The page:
Friday, February 15, 2013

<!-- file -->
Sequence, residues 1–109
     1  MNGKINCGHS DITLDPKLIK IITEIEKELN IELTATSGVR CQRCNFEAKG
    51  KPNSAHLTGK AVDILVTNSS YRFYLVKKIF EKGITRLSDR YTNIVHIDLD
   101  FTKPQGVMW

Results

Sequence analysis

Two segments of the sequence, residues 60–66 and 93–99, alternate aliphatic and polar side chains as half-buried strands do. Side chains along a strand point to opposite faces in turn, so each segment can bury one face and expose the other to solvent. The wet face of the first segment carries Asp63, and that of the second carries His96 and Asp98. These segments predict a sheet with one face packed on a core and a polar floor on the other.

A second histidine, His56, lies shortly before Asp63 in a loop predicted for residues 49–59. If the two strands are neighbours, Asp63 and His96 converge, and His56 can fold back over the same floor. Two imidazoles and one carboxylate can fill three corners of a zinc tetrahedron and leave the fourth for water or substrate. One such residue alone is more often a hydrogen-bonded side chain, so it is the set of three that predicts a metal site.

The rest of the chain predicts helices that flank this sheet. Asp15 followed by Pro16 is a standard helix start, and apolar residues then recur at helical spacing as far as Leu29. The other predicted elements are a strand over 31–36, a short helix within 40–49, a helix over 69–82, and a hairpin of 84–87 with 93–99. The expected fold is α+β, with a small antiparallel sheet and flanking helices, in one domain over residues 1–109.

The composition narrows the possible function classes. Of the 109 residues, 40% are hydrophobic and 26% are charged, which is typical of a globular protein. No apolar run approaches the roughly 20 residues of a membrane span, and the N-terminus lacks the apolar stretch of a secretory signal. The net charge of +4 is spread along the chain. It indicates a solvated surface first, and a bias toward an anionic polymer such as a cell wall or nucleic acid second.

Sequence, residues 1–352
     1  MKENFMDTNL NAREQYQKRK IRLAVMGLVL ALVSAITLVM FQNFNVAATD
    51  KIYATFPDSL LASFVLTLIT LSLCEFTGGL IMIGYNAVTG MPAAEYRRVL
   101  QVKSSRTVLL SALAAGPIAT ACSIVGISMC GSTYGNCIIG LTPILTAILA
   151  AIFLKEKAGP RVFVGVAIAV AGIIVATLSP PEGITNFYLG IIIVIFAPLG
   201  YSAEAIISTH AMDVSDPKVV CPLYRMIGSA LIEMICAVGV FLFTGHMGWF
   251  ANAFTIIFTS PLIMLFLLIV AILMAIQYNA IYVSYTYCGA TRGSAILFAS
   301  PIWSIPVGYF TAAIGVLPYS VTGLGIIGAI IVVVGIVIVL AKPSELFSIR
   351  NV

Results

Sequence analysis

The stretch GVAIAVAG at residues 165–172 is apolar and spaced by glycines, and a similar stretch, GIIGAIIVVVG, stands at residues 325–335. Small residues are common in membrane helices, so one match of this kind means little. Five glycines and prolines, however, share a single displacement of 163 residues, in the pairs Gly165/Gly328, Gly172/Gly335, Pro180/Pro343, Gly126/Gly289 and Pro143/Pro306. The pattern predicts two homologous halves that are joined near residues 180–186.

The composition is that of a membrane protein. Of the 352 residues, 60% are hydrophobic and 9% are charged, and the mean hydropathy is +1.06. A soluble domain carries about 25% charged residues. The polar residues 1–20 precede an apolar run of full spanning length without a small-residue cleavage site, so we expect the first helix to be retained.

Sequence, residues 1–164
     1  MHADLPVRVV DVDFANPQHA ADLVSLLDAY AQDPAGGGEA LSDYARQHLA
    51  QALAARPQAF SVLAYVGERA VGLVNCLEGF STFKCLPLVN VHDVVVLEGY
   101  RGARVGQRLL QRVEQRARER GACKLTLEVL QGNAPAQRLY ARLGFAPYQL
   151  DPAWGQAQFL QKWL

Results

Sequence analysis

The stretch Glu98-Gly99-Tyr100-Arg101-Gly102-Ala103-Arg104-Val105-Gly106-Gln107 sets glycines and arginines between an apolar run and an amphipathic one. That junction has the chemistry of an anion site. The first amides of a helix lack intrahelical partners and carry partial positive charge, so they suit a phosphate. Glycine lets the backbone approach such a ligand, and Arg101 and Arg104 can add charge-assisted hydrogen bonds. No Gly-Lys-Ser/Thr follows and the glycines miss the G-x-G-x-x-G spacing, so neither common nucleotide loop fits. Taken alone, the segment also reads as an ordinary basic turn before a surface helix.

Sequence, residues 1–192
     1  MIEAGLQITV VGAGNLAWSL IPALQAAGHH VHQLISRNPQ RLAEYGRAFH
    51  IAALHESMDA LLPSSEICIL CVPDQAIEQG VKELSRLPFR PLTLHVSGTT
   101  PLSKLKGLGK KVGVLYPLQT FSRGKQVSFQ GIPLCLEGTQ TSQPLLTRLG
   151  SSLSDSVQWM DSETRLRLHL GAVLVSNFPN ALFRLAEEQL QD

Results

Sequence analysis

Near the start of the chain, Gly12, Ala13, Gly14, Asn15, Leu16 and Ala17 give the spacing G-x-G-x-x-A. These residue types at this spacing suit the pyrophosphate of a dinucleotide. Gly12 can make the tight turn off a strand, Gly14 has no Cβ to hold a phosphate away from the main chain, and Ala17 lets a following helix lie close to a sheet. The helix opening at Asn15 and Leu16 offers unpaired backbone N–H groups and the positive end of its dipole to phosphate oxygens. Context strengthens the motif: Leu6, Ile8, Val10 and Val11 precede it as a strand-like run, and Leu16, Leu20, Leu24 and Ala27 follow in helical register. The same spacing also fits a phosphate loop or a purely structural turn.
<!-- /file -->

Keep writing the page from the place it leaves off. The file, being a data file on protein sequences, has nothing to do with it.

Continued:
In a case decided this week out of Columbus, the Sixth Circuit Court of Appeals refused to find a school district liable for the molestation of a child by a teacher, even though the teacher had previously been reprimanded for unwanted touchings. The allegations involved a fourth-grade teacher employed by Columbus City Schools. The teacher had been reprimanded consistently over the year for what amounted to more and more aggressive unwanted touchings of students, though the touchings were arguably of a non-sexual nature. In several of the instances, the teacher was reprimanded by the school district. Finally, in the spring of 2005, a student at the school reported that both she and the plaintiff of the present case, John Doe, had been touched by the teacher. The student asserted that the teacher had touched Doe on at least five occasions in the classroom. The teacher summoned the plaintiff to review his work and, in doing so, planted his hand down the plaintiff's pants and fondled his genitals. The student did not return to the school after these accusations were made. An investigation by law enforcement and child services revealed that other students had been victims of the teacher. This led to a fifteen-count indictment against the teacher for gross sexual imposition in violation of section 2907.05 of the Ohio Revised Code. The teacher entered an Alford plea for two counts 1 and was sentenced to ten years’ incarceration, surrendering his teacher’s license in the process. The student sued the Columbus City Schools’ Board of Education, the School District, the superintendent, the school principal, and the teacher, alleging violations of substantive due process, Title IX, and related state tort law claims. Analyzing these claims, the court found that the parents proved to meet the deliberate indifference burden. Deliberate indifference arises when “school officials are aware of the misconduct but do nothing to stop it, despite [the school district’s] ability to exercise control over the situation.” Horner v. Ky. High Sch. Athletic Assn., 206 F.3d 685, 692 (6th Cir. 2000). Because "the nature and severity of [the teacher's] misconduct was not ... apparent to school officials" from the previous touchings that were not sexual in nature, there was not liability on the Board of Education, the school district, the superintendent, or the school principal.